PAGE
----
Read the TRC’s calls to action and know which apply to you;

Listen to the impact of colonialism, racism, and the harms that have created disadvantages for Indigenous peoples;

Learn

Educating yourself, and taking accountability for building knowledge, is an ongoing process and change will not be easy. This step will look different for your role or organization as you seek to build knowledge internally through cultural awareness and externally about the Indigenous business landscape and economic development.

Reflect

Before action takes place, take the time to think deeply about the intentional response to reconciliation. This often means an internal reflection about motivations and applying learnings in a meaningful way.

Ask yourself:

  • Do I know what my organization is doing in response to reconciliation?
  • What could reconciliation look like for my team, my role, my organization?
  • What do Indigenous communities and businesses want out of a partnership?
  • Which Indigenous business needs and goals can my organization address?

Act

The calls to action say that “Canadians must do more than talk about reconciliation we must learn how to practice reconciliation in our workplaces”.

The call for corporate Canada to respond to TRC action #92 must be built on a strong foundation with organizational focus, leadership support, and a commitment to achieve equitable representation of Indigenous peoples in your workforce, business development and procurement opportunities with Indigenous-owned businesses, and focused engagement with Indigenous communities.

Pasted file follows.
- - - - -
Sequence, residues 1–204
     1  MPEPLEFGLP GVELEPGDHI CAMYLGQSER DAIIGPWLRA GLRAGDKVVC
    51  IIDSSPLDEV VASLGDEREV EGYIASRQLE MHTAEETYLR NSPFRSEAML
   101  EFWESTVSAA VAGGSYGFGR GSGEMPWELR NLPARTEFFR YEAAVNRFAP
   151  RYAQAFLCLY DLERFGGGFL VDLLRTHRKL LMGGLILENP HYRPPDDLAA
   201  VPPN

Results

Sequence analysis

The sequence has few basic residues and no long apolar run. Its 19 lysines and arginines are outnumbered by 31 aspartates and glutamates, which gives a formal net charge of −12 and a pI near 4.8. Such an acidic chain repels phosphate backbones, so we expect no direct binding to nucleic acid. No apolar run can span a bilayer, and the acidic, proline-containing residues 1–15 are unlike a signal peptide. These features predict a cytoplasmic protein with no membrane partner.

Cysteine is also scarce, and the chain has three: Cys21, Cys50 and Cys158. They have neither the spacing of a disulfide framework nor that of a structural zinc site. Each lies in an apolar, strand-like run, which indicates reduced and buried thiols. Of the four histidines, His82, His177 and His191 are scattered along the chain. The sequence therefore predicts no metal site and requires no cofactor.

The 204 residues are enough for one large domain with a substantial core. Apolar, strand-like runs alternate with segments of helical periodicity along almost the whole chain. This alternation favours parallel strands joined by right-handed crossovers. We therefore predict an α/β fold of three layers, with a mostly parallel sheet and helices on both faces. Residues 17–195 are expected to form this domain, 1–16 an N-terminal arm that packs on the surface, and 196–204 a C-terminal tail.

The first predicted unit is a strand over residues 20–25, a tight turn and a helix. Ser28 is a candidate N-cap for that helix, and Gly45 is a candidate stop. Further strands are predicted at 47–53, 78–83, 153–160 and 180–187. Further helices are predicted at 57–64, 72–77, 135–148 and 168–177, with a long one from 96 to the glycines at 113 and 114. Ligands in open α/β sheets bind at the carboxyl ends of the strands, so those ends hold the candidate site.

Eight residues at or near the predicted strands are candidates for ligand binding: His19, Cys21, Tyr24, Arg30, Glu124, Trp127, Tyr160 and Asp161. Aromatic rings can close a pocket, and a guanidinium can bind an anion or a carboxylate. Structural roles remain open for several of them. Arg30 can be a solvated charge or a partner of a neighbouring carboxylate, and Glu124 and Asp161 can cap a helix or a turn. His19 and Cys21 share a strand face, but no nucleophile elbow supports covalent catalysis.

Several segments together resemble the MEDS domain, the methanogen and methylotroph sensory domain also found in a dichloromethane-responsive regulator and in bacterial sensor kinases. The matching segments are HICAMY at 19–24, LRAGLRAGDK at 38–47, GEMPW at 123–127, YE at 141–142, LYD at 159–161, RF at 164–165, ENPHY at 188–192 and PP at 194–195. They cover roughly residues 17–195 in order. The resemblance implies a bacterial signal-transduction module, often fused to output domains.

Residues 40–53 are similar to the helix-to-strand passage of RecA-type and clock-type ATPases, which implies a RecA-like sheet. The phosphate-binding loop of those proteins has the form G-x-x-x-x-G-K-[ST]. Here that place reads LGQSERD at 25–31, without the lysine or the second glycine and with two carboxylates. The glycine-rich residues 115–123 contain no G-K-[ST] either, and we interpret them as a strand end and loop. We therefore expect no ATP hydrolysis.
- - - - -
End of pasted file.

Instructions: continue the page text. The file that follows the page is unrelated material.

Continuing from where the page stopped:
#92 Business and Reconciliation - We call upon the corporate sector in Canada to adopt the United Nations Declaration on the Rights of Indigenous Peoples as a reconciliation framework and to apply its principles, norms, and standards to corporate policy and core operational activities involving Indigenous peoples and their lands and resources. This would include, but not be limited to, the following:

i. Commit to meaningful consultation, building respectful relationships, and obtaining the free, prior, and  informed consent of  Indigenous peoples before proceeding with  economic development projects.

ii. Ensure that Aboriginal peoples have equitable access to jobs, training, and education opportunities in the corporate sector, and that Aboriginal communities gain long-term sustainable benefits from economic development projects.

iii. Provide education for management and staff on the history of Aboriginal peoples, including the history and legacy of residential schools, the United Nations Declaration on the Rights of Indigenous Peoples, Treaties and Aboriginal rights, Indigenous law, and Aboriginal–Crown relations. This will require skills based training in intercultural competency, conflict resolution, human rights, and anti- racism.


The below illustrates some of the ways you can act in reconciliation. Start with creating a space for idea generation and intentional dialogue. From there, move into the creation of a strategy with goals, actions, and measures.

Suggestions for ways you can respond – Determine how your organization moves throughout the spectrum based on your needs. These will require support by a vision and strategy for reconciliation and Indigenous inclusion.



For more information and resources on Diversity, Equity and Inclusion visit our DEI resource page here.